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    U.S.-EU Safe Harbor Replacement Viewed Positively

    Feb 10, 2016

    European Union (EU) and U.S. negotiators announced on February 2 that they reached an agreement in principle on a new privacy protection program that will allow the continued transfer of personal data out of Europe to the United States. The so-called “EU-U.S. Privacy Shield” will replace the U.S.-EU Safe Harbor framework that was invalidated by the European Court of Justice in October.

    The agreement in principle came five days after the Senate Judiciary Committee approved a bill (H.R. 1428) to grant EU citizens limited access to U.S. courts for the government misuse of their personal data transferred to the United States. Progress on that legislation, which is expected to be enacted in the next few weeks, was critical to resolving the negotiations to replace the Safe Harbor Program.

    While the details of the Privacy Shield still need to be written, the agreement in principle was met with significant support by policymakers in Washington.

    “I applaud the European Union and United States negotiators in reaching this important agreement, which is crucial to American business interests,” said Senator Orrin Hatch (R-Utah), who has been a strong advocate for American high tech companies.   

    “This historic agreement is a major achievement for privacy and for businesses on both sides of the Atlantic,” said U.S. Commerce Secretary Penny Pritzker. “It provides certainty that will help grow the digital economy by ensuring that thousands of European and American businesses and millions of individuals can continue to access services online.”

    “Our focus now turns to understanding the finer details and enforcement mechanisms of the new deal, which hopefully won’t temper today’s good news,” said Rep. Fred Upton (R-Mich.), chairman of the House Energy and Commerce Committee.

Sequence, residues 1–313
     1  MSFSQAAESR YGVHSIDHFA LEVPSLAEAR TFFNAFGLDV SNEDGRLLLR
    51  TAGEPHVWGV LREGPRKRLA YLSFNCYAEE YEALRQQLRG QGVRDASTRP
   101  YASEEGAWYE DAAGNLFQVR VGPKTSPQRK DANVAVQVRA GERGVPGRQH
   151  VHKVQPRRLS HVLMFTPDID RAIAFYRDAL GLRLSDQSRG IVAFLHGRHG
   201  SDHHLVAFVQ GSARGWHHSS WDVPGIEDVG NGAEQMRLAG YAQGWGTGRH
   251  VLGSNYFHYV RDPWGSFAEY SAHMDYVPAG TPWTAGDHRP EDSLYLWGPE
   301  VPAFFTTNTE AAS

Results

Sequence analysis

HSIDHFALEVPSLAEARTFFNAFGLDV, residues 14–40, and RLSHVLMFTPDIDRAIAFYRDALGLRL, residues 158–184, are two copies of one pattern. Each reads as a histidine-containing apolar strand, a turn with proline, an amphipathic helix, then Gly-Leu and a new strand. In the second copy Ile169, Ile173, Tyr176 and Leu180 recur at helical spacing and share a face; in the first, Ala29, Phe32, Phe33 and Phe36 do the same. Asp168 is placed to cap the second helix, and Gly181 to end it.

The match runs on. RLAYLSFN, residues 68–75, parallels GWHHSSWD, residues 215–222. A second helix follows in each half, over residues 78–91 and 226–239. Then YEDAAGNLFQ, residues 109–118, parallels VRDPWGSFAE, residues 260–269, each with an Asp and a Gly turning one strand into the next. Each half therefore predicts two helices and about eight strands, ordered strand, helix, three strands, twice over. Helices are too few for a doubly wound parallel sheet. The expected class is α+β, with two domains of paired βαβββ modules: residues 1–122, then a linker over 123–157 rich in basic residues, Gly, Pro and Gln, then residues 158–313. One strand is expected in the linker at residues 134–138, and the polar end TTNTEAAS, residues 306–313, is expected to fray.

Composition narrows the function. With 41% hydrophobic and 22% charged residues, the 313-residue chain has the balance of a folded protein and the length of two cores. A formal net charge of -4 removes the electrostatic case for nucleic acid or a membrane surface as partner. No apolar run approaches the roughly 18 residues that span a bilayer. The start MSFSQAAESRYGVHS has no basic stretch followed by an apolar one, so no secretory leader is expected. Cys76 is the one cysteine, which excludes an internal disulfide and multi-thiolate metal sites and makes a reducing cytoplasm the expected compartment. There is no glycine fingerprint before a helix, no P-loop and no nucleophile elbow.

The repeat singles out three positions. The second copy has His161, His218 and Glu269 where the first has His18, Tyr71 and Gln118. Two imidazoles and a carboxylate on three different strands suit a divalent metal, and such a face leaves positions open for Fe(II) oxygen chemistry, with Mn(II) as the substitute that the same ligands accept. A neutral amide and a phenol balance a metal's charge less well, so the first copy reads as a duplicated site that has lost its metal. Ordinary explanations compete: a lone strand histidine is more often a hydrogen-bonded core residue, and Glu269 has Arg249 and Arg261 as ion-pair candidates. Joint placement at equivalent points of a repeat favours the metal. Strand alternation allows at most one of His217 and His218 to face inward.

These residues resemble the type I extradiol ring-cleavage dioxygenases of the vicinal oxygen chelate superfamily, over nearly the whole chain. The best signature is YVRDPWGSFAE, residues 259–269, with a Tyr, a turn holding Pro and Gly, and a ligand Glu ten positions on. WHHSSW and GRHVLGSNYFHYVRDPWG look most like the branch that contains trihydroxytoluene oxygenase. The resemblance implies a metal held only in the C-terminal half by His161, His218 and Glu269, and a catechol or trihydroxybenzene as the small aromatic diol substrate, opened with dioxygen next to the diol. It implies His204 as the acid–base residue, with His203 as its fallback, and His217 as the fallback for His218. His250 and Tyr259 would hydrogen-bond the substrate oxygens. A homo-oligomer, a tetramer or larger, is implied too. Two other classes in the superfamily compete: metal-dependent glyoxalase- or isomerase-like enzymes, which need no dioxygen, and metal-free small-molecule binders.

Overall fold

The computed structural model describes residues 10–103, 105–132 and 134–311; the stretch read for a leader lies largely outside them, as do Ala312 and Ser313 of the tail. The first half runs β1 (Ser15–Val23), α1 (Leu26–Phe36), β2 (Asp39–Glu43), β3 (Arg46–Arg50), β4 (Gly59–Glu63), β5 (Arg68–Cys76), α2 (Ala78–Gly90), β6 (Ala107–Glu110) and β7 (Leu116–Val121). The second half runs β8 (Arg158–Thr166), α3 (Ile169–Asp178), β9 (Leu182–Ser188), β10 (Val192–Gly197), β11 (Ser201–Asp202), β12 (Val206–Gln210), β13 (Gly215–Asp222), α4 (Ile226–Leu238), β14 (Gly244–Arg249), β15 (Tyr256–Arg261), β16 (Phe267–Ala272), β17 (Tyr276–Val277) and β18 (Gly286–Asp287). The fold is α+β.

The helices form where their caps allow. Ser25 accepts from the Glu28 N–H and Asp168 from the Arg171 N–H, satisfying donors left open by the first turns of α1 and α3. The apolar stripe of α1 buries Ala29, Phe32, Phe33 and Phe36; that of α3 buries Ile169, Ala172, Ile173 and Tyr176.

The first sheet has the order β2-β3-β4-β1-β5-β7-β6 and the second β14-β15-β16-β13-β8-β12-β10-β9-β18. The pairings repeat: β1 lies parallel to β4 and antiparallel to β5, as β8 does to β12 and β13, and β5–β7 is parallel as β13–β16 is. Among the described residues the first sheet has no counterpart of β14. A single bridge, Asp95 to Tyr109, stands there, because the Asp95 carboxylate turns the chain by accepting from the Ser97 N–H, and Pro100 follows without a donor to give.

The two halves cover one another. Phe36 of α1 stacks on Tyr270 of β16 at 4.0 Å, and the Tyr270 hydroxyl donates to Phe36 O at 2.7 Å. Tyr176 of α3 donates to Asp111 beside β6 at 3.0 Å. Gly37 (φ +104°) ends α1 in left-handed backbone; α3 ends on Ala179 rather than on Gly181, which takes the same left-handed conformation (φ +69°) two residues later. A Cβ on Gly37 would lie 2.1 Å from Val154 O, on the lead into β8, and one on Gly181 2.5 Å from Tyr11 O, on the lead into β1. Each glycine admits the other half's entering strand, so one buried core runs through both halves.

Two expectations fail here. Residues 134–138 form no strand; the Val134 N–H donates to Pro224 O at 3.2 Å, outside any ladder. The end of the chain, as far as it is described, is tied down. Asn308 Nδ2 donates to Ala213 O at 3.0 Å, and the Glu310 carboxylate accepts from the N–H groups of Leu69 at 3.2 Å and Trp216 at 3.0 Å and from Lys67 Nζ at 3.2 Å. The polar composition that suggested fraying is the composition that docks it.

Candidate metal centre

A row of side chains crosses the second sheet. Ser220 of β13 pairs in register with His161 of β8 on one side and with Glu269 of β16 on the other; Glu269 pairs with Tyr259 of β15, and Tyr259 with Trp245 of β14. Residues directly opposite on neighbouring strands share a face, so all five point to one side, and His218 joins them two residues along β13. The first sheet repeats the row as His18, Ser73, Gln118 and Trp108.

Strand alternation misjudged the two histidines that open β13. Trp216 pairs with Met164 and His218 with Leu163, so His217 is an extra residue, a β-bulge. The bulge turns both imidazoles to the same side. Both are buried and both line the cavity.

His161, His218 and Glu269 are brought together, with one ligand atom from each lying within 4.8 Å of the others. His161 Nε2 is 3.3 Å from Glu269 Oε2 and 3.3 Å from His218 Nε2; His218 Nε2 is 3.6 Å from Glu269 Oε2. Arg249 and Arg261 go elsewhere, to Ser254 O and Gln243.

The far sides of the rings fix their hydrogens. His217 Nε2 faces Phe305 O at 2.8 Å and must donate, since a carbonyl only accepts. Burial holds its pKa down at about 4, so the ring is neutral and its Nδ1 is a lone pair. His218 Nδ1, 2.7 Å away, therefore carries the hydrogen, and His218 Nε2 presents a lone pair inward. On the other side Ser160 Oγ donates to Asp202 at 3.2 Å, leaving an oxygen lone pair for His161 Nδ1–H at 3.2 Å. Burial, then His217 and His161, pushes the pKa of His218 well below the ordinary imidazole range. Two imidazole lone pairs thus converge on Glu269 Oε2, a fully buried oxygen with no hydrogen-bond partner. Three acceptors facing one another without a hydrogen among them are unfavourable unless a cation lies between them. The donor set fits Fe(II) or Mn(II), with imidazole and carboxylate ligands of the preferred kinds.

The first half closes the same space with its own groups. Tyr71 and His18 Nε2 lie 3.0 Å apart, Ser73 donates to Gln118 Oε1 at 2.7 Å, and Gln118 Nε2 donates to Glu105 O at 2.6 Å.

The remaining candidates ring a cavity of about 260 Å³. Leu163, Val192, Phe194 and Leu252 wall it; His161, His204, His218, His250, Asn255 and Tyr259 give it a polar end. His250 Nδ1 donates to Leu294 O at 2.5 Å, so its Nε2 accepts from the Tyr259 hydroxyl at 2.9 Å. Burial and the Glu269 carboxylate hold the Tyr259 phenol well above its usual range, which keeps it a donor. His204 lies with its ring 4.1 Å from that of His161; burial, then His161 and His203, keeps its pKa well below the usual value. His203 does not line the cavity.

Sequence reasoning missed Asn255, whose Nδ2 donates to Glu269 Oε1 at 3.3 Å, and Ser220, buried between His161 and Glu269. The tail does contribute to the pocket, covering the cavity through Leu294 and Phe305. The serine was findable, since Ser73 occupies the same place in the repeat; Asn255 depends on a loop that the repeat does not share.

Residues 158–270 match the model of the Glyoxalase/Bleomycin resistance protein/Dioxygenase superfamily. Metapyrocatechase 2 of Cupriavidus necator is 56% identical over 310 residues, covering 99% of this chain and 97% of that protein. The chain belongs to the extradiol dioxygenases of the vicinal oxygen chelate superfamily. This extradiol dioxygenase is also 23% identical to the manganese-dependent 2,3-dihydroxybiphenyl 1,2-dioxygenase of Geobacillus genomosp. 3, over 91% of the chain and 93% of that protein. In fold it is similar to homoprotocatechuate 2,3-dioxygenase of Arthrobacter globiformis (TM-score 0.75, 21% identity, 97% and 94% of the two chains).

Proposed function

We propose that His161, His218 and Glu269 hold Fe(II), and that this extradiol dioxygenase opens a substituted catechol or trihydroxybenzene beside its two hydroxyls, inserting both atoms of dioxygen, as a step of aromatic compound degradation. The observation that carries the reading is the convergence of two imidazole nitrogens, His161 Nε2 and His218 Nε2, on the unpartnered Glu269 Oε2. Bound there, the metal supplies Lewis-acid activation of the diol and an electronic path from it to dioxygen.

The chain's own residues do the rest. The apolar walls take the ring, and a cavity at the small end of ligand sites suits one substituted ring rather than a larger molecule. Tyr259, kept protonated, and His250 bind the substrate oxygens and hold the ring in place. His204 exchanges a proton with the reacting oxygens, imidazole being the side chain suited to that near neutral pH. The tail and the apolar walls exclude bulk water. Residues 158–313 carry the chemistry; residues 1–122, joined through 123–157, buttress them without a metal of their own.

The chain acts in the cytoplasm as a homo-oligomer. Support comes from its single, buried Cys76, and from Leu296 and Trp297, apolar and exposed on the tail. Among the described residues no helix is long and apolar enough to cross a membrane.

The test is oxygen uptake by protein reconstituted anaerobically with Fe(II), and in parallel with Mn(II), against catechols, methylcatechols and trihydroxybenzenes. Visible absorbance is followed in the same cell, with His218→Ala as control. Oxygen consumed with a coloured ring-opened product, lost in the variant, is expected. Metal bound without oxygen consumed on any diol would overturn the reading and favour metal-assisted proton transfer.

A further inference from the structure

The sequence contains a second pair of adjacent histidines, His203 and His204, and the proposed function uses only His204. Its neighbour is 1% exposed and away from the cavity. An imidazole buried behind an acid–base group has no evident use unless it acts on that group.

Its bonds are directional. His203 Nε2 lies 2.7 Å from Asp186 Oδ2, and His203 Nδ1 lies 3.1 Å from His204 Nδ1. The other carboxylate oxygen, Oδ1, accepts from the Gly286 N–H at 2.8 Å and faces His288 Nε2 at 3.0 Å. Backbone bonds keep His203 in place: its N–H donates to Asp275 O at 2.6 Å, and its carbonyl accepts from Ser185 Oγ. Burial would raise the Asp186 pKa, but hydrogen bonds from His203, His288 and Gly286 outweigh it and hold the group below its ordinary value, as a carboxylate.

According to the European Commission, the EU-US Privacy Shield will ensure that U.S. protections of European personal data will be equivalent to that provided in Europe. This would be achieved by, among other things, requiring companies to publish commitments setting out robust obligations on how personal data is processed and individual rights are guaranteed; requiring U.S. companies to comply with decisions of European data protection authorities; increasing monitoring and enforcement of U.S. companies by the U.S. Federal Trade Commission (FTC), including given European citizens the right to file complaints with the FTC; and limiting the application of U.S. law enforcement and intelligence access to the data of European citizens.

    FTC Chairwoman Edith Ramirez said the commission will be a strong enforcement agency.

    “Under the new agreement, the EU-U.S. Privacy Shield, the Federal Trade Commission will continue to prioritize enforcement of the framework as part of our broader commitment to protect consumers' personal information and privacy,” she said in an online statement. “We will continue to work closely with our European partners to ensure consumer privacy is protected on both sides of the Atlantic.”

    The agreement must navigate a number of difficult implementation steps before U.S. companies can feel confident that they have a sustainable path for data transfers out of the EU. The European Commission must prepare and adopt the new agreement after obtaining the advice of data protection officials from the 28 EU member states. In the United States, Congress must enact the Judicial Redress Act, and the administration will be setting up an ombudsman office in the U.S. State Department that would follow up on referrals from EU data protection authorities regarding cases involving law enforcement or national security access to data.

    The Washington Policy Brief is an online advisory that contains brief summaries of recent legislative and regulatory issues that may affect the records and information management profession. Further information about the issue is accessed by clicking on the link provided at the end of each summary.

     

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